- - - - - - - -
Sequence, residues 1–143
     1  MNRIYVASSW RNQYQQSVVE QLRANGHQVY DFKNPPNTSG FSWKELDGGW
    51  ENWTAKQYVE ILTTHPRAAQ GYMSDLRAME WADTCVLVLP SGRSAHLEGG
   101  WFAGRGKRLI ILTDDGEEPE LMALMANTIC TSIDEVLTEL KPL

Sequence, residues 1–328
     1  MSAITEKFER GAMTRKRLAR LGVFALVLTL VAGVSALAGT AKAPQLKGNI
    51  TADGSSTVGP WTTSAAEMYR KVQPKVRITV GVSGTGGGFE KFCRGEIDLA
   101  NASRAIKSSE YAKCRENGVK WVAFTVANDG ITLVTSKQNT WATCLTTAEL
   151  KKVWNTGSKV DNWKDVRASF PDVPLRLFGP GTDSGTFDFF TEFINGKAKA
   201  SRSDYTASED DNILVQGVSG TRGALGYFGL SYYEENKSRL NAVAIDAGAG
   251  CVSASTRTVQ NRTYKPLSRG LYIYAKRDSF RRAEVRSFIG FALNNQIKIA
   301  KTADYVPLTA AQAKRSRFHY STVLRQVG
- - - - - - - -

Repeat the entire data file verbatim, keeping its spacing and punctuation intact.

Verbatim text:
Sequence, residues 1–143
     1  MNRIYVASSW RNQYQQSVVE QLRANGHQVY DFKNPPNTSG FSWKELDGGW
    51  ENWTAKQYVE ILTTHPRAAQ GYMSDLRAME WADTCVLVLP SGRSAHLEGG
   101  WFAGRGKRLI ILTDDGEEPE LMALMANTIC TSIDEVLTEL KPL

Sequence, residues 1–328
     1  MSAITEKFER GAMTRKRLAR LGVFALVLTL VAGVSALAGT AKAPQLKGNI
    51  TADGSSTVGP WTTSAAEMYR KVQPKVRITV GVSGTGGGFE KFCRGEIDLA
   101  NASRAIKSSE YAKCRENGVK WVAFTVANDG ITLVTSKQNT WATCLTTAEL
   151  KKVWNTGSKV DNWKDVRASF PDVPLRLFGP GTDSGTFDFF TEFINGKAKA
   201  SRSDYTASED DNILVQGVSG TRGALGYFGL SYYEENKSRL NAVAIDAGAG
   251  CVSASTRTVQ NRTYKPLSRG LYIYAKRDSF RRAEVRSFIG FALNNQIKIA
   301  KTADYVPLTA AQAKRSRFHY STVLRQVG